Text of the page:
We recognise that facing serious allegations such as causing death by driving can be a stressful ordeal. That’s why we’ll treat your case with the utmost care and attention.
In the UK, the number of instances in which death is caused by dangerous driving has been on the rise, and in 2014 there were 226 recorded crimes of this nature. Dangerous or careless driving is a serious offence and courts issue severe penalties to individuals found guilty. And where this is found to have caused death, the court can hand down substantial prison sentences.
If you have been charged with a fatal motoring offence, and want representation, legal advice, or to contend the charge, First4Lawyers can help. By getting in touch we can assess your situation, and match you with an experienced solicitor who will take into account the potential personal impact of the charge and its penalties at every stage of the case.
What are fatal offences?
To be found guilty of causing death by driving, the prosecution must prove beyond all reasonable doubt that the death of another person was caused – either in part or completely – by your driving. There are four categories that fatal offences can fall into:
- Causing death by dangerous driving
- Causing death by careless driving
- Causing death by careless driving while under the influence of alcohol or drugs
- Causing death while driving unlicensed, disqualified, or uninsured
The court views dangerous driving as any instance in which your standard of driving has fallen far below that expected of a competent and careful driver. Examples include racing, driving aggressively, overtaking in an unsafe manner, ignoring traffic signals, and driving in a vehicle you know is not safe to drive in.
There are various other acts that might constitute dangerous driving in the eyes of the court, and each case is judged on its own merits. Fatal offence charges are always dealt with at a Crown court.
What are the penalties for fatal offences?
The maximum penalty that can be issued for causing death by dangerous driving is a prison sentence of 14 years and a driving ban of at least two years.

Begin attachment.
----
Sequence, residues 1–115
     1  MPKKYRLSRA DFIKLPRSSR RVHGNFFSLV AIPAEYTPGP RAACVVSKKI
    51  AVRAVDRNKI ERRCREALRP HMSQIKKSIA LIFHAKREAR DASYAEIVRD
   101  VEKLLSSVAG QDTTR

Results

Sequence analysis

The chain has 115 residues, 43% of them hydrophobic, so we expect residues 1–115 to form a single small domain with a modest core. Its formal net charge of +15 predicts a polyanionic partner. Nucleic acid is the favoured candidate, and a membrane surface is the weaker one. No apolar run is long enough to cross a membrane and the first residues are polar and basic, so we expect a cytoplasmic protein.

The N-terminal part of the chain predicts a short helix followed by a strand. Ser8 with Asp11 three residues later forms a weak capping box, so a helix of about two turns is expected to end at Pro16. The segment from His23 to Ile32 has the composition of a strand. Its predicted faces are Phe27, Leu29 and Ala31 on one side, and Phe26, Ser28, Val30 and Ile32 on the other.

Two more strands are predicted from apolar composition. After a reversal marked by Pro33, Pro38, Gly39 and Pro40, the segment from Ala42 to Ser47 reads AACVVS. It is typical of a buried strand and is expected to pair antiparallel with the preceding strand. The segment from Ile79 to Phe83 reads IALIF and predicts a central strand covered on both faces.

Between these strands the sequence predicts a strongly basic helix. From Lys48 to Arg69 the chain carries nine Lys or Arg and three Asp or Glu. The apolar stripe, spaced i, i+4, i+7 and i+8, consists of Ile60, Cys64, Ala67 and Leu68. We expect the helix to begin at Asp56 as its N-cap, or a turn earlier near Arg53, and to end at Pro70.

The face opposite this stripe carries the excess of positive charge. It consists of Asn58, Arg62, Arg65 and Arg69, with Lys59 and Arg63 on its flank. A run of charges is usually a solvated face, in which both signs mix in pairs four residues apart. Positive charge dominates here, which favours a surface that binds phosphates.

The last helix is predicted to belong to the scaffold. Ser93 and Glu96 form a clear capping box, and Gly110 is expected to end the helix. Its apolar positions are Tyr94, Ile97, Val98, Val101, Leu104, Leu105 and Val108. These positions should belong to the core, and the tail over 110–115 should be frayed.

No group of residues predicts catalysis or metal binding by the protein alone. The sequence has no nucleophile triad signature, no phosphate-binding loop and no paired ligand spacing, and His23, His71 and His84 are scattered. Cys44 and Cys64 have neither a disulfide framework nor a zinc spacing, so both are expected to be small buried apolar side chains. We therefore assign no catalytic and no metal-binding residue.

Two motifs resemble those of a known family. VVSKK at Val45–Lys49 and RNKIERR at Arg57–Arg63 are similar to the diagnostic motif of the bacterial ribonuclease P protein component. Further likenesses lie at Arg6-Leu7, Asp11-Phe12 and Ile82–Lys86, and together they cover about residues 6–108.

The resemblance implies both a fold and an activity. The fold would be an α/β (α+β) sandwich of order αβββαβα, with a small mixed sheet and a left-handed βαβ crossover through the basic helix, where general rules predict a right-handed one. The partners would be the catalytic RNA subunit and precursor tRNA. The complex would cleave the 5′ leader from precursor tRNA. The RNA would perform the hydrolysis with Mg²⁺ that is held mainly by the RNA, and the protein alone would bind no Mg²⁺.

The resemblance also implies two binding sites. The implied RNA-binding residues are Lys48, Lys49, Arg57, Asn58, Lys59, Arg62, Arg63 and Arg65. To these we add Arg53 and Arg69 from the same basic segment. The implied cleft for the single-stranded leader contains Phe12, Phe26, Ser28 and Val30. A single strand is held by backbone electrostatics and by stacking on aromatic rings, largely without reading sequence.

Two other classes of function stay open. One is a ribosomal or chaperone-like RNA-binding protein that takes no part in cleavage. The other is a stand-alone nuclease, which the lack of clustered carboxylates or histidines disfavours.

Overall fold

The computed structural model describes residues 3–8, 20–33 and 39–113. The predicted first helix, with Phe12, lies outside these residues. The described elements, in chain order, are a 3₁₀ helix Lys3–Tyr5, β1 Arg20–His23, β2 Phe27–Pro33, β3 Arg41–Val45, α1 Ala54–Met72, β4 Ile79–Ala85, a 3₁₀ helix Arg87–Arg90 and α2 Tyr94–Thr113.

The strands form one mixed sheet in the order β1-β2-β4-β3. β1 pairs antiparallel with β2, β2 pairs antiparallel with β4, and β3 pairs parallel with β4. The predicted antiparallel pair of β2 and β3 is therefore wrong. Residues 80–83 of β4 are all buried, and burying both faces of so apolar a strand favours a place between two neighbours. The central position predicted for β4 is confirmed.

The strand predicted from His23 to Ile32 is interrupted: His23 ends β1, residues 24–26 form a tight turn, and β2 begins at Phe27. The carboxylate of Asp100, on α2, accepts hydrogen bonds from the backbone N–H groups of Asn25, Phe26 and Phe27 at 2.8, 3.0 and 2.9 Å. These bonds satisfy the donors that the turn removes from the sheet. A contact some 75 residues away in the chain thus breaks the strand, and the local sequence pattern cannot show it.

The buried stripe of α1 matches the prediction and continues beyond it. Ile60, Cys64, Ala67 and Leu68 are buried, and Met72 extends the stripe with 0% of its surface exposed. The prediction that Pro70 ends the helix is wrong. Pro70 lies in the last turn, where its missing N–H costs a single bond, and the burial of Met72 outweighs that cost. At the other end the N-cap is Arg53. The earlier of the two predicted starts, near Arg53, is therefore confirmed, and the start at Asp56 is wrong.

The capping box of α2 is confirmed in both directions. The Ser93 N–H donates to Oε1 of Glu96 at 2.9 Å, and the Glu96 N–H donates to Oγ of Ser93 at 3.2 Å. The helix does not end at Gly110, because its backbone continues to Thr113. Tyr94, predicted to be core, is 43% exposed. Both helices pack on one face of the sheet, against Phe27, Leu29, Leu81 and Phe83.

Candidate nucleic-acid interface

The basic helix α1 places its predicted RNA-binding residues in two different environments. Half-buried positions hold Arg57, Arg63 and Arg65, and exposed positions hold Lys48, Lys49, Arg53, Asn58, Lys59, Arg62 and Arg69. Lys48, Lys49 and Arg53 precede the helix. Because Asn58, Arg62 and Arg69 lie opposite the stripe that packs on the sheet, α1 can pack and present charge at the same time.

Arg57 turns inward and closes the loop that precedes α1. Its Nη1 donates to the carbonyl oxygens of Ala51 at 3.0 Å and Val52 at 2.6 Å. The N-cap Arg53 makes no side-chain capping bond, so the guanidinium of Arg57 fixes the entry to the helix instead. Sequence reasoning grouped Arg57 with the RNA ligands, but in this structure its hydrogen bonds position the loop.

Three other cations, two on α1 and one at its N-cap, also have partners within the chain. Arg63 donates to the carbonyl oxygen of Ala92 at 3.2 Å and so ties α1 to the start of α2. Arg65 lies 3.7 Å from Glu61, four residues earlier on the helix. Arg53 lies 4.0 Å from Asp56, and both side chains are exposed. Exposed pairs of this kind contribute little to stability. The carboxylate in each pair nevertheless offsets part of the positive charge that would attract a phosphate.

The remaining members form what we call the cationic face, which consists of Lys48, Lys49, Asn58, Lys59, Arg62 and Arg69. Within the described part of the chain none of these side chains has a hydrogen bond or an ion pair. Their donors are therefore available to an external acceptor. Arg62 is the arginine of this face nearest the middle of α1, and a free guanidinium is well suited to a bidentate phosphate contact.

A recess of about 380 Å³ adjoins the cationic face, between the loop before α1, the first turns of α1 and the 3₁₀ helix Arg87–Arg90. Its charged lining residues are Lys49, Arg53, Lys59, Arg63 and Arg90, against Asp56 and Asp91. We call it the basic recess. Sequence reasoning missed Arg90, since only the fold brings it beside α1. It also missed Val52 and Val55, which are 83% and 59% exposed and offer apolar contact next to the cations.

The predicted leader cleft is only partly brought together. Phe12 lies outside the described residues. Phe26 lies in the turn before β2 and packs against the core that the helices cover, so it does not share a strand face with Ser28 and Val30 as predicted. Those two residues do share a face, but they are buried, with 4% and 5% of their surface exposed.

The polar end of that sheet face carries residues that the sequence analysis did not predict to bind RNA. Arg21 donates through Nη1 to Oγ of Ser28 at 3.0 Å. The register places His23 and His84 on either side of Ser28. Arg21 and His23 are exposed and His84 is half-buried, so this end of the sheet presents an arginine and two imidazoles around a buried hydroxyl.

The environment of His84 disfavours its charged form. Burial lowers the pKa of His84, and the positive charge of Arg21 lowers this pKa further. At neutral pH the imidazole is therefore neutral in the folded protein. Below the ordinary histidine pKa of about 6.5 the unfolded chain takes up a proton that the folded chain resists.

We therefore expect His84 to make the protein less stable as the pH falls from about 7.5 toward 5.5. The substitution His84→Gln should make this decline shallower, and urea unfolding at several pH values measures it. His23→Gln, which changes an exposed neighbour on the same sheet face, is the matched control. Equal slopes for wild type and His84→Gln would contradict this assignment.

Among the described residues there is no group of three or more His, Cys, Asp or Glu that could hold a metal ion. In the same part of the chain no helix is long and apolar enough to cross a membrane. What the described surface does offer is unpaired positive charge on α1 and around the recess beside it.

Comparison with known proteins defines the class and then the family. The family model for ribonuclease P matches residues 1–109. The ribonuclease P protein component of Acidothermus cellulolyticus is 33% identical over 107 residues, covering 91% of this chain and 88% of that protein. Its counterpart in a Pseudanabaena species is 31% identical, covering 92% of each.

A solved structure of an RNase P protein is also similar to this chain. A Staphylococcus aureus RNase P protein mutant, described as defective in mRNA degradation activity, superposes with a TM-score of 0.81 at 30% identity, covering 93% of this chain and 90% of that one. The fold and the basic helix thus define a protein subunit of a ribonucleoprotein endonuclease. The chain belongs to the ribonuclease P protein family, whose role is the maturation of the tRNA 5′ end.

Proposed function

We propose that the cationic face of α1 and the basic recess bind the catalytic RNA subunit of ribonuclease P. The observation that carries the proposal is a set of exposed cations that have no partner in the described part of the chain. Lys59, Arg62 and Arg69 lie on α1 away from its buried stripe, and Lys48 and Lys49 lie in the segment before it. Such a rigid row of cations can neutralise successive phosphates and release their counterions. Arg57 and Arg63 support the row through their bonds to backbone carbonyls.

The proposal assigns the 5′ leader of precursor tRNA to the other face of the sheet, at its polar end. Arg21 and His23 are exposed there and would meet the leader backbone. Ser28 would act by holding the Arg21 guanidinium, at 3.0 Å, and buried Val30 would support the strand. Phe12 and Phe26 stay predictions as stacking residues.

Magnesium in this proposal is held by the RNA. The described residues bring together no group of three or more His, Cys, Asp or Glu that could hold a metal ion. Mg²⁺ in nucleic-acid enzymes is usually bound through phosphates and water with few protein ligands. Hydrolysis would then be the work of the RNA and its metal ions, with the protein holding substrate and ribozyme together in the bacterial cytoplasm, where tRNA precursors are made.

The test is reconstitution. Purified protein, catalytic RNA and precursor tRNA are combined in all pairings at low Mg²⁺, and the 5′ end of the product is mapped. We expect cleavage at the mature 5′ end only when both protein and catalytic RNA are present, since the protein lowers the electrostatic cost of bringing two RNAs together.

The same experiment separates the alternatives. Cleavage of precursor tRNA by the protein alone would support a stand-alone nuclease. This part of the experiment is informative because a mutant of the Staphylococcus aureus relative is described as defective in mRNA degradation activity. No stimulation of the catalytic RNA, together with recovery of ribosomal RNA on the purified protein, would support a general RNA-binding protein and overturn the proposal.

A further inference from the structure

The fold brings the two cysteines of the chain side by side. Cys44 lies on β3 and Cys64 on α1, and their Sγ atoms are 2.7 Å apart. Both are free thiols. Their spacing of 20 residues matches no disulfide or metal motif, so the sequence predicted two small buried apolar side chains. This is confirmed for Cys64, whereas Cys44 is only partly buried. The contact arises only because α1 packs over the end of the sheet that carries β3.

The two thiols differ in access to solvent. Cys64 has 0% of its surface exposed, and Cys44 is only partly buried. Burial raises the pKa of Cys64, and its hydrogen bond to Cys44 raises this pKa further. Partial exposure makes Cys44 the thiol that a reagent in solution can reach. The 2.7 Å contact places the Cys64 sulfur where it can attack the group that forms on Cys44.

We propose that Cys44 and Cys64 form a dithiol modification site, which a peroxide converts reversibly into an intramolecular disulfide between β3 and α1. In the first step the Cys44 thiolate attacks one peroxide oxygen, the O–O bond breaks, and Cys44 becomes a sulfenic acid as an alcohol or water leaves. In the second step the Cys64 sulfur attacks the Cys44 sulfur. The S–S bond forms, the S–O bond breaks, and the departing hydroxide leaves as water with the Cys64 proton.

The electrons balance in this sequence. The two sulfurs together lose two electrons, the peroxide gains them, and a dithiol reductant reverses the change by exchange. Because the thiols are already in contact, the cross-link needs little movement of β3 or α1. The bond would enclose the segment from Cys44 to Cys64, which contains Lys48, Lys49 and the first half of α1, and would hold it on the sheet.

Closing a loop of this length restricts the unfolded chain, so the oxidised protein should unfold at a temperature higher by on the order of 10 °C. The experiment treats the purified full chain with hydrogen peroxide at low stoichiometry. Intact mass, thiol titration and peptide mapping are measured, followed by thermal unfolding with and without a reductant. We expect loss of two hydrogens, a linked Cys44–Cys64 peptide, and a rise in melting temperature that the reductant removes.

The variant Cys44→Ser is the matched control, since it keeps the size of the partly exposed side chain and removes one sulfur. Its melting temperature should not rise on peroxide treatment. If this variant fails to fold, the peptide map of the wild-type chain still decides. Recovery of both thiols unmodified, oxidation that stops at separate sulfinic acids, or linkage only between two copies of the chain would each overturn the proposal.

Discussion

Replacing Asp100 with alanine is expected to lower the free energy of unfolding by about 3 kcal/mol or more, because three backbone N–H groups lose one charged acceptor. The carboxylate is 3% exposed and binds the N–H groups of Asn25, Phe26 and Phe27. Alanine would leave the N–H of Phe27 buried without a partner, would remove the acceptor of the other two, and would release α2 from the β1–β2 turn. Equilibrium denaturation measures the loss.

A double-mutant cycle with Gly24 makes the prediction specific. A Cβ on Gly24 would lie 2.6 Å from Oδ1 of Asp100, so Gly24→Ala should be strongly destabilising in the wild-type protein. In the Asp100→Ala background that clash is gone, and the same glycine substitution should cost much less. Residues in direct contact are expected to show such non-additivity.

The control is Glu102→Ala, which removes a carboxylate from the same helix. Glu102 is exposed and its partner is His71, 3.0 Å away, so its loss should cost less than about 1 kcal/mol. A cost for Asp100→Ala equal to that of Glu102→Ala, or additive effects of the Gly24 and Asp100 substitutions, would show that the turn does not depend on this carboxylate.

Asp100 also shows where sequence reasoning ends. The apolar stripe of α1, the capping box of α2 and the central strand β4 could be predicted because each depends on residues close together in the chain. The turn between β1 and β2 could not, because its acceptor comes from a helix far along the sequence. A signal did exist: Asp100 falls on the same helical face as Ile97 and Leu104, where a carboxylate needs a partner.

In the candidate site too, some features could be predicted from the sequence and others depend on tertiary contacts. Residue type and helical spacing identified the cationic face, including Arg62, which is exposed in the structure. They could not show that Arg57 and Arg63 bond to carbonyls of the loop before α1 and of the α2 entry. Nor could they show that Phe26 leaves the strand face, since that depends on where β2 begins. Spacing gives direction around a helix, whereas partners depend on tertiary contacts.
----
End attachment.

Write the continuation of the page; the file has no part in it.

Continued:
The penalties for causing death by careless driving, as opposed to dangerous driving, are somewhat lower, ranging from a community order through to a five-year custodial sentence, a 12-month driving ban, and a discretionary re-test.
However, if you are found guilty of having caused death by careless driving while under the influence of drugs, the penalty is likely to be more severe – up to 14 years imprisonment, with a minimum two-year driving ban and a discretionary re-test.
Causing death while driving in a vehicle that was unlicensed, or if you were disqualified from driving or uninsured at the time of the accident, is punishable with penalties ranging from a community order, through to a two-year custodial sentence, a 12-month driving ban and a discretionary re-test.
What are the defences to fatal offences?
Fatal offences are typically complex in nature, and the court likely must be convinced of a number of key points in order for a prosecution to be successfully made against you.
If you can persuade the court that the incident was caused by a momentary lapse, rather than a sustained period of careless or dangerous driving, then there is a chance that the court may show leniency in sentencing. The penalties issued in fatal offence cases are at the court’s discretion, and are based on how the court views the standard of driving that caused the incident.
If you can convince the court that no recklessness was shown, and that you didn’t show a complete disregard for safety, then these factors may be treated as mitigating features in your case. Likewise, if your defence can prove that there was only a single incident of dangerous or careless driving, rather than multiple acts, then this will help your case.
It is important to ensure you have good, experienced legal representation when facing a fatal motoring offence. First4Lawyers can match you to a knowledgeable solicitor, skilled in this area of the law.
A good defence team will be able to recognise when there may be the opportunity to negotiate with the prosecution for a lesser charge. For example, a guilty plea to causing death by careless driving, in a case where the original charge of dangerous driving was difficult to prove, might lead to a reduced, non-custodial sentence.
I’ve been charged with a fatal offence and I want to dispute it – what should I do?
Fatal offence charges are serious and complex, but the specialist motoring solicitors from First4Lawyers can help you every step of the way and give you a full understanding of the strongest defence available to you.
Our solicitors can help with the arrangement of investigations into the crash you were involved in, and we offer no-obligation advice to anyone who contacts us regarding a fatal offence charge.
Contact First4Lawyers as early as possible so that no time is wasted in building your defence.